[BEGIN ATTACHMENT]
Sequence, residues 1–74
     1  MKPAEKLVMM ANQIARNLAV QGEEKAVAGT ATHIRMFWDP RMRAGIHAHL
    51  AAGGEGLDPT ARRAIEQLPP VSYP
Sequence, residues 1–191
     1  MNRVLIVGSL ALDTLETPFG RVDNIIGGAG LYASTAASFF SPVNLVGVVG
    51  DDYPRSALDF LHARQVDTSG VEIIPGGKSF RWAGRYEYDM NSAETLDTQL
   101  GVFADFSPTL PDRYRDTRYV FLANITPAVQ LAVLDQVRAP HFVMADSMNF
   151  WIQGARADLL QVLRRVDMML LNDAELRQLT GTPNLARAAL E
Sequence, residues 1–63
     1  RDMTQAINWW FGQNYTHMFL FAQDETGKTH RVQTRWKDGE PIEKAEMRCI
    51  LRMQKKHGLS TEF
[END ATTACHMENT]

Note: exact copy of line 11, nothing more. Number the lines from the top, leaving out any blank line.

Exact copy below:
    51  LRMQKKHGLS TEF